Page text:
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Demonstrators hold posters of the four victims of Monday’s police shooting, during a march against police brutality, in Buenos Aires, Argentina, Friday, May. 24, 2019. Argentines protested after officers on Monday fired shots that led to the deaths of three teenagers and a young man in a car chase. (AP Photo/Tomas F. Cuesta)
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A girl holds a sign that reads in Spanish "No to the easy trigger" during a march against police brutality, in Buenos Aires, Argentina, Friday, May. 24, 2019. Argentines protested after officers on Monday fired shots that led to the deaths of three teenagers and a young man in a car chase. (AP Photo/Tomas F. Cuesta)
BUENOS AIRES, Argentina – Argentines protested police brutality Friday after officers fired shots that led to the deaths of three teenagers and a young man in a car chase.
Authorities have removed 13 officers from the force and detained seven of them pending an investigation. The case has caused a public uproar that prompted hundreds of people to stage a march "against the trigger-happy" in Argentina's capital.
The car with the 22-year-old man and three teens aged 13 to 14 was driving Monday in the town of San Miguel del Monte, about 75 miles (120 kilometers) south of Buenos Aires. Police said a suspicious car had been reported and the car with the teens failed to stop on police orders.
A chase ensued and shots were fired by the police. The car crashed into a truck and the four were killed. Another teenager was seriously injured.
"We've determined the deaths were produced by the collision that arose from the speed and destabilization of the vehicle generated by the chase and the shots," said Buenos Aires attorney general Julio Conte Grand.
Initial investigations show that a bullet pierced through one of the victims and several bullet shells from guns carried by the police officers were found on the site.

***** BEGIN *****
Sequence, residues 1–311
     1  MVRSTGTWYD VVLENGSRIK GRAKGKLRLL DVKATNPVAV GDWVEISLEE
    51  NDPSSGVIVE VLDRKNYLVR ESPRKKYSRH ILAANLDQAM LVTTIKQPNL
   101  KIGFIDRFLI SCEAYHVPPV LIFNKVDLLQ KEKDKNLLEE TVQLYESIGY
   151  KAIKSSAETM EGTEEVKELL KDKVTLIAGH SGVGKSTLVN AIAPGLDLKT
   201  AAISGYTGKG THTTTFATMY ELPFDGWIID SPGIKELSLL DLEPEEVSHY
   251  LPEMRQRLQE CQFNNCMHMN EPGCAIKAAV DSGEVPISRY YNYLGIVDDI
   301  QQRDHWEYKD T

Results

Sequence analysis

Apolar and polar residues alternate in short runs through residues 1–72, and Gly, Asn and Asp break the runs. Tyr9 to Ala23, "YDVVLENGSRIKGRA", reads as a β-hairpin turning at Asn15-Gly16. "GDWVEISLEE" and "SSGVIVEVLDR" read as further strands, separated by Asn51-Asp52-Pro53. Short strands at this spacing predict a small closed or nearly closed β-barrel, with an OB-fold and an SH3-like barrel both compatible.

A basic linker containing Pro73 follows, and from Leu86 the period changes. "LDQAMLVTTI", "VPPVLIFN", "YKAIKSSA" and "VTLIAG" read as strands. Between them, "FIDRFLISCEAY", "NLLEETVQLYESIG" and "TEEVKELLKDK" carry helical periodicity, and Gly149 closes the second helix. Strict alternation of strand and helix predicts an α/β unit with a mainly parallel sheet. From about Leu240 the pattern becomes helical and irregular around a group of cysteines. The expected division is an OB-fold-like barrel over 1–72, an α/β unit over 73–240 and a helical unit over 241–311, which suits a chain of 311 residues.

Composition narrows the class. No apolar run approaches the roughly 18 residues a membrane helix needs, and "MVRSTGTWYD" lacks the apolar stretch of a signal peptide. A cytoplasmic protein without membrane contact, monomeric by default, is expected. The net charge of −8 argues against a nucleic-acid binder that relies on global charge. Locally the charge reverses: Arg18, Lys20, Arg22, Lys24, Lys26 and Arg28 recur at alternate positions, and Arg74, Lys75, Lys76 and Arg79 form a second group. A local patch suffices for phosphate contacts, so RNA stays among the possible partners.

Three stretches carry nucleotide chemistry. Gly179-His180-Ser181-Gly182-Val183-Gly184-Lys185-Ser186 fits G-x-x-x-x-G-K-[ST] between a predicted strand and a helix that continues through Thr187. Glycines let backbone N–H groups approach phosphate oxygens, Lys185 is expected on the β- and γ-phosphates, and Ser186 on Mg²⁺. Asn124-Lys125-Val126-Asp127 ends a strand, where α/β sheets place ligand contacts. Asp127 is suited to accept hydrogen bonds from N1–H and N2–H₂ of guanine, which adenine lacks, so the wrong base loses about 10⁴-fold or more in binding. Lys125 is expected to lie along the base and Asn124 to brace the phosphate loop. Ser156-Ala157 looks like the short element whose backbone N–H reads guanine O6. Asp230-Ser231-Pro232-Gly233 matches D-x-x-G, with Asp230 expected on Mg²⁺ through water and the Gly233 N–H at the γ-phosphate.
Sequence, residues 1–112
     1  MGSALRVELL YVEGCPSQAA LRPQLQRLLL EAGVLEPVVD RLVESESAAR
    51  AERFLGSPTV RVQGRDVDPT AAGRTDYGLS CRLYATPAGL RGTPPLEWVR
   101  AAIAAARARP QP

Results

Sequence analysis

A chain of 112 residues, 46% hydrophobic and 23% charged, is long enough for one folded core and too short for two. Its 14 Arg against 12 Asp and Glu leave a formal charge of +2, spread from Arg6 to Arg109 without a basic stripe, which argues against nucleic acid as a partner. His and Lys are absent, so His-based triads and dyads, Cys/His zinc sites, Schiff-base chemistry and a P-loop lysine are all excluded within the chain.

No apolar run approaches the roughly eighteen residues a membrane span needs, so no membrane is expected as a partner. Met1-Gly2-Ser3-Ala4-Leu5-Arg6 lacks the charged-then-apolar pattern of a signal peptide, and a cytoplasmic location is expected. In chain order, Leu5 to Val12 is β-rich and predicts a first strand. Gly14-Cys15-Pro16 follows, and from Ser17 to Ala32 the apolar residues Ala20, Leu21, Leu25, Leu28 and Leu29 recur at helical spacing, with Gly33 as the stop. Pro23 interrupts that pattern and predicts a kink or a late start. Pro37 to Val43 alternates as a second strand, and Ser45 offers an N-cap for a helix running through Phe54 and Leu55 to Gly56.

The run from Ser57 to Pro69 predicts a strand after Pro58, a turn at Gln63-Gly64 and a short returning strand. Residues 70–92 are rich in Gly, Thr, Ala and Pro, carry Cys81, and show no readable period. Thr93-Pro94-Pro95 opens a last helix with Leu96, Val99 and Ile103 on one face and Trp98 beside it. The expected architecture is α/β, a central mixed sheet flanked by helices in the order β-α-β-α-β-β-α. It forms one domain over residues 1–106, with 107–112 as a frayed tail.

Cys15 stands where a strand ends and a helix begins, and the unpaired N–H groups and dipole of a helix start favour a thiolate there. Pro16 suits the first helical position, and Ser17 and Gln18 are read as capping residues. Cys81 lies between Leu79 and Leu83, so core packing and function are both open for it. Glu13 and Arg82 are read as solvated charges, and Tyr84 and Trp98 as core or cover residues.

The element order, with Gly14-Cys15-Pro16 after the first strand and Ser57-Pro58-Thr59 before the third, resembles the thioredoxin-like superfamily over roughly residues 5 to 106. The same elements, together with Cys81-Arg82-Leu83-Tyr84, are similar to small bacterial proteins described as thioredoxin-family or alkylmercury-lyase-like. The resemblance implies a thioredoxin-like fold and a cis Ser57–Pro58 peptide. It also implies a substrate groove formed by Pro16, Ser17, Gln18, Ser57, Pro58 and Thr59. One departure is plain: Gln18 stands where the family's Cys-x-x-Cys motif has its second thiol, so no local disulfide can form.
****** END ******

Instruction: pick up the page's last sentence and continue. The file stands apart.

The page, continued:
"There was no reason for them to shoot," he said.
The Buenos Aires province security minister said police procedure was poorly carried out.
Human rights advocates joined families of victims of police violence at Friday's demonstration. They blame an iron-fisted crime policy carried out by President Mauricio Macri's administration, and they say the latest deaths could set a dangerous precedent in a country haunted by memories of human rights crimes during its 1976-1983 dictatorship.
"Stop killing the people, stop killing the young," said human rights leader Nora Cortiñas. "This country must give an image that there's no impunity for these crimes. Everyone who tortures and kills must go to jail."
Some held photos of the young people killed this week.
"We knew we had to come out to ask for justice for the kids," said Mónica Alegre, who said her teenage son Luciano Arruga disappeared in 2009 after he was detained by police and was found dead in 2014.
Last year, a photograph of Macri shaking hands with an off-duty police officer who fatally shot a man in the back after he stabbed and robbed a U.S. tourist sparked a heated debate over the limits of a crackdown on crime.
At the time, Security Minister Patricia Bullrich said the photo ratified the government's position that security forces are not always guilty and even celebrated that citizens under trial for taking justice into their own hands have been absolved.
But she has been highly critical of police in the latest deaths.
"If what happened is verified, I wouldn't even call them police officers," Bullrich said. "Police officers who behave like thieves and killers will be treated like thieves and killers."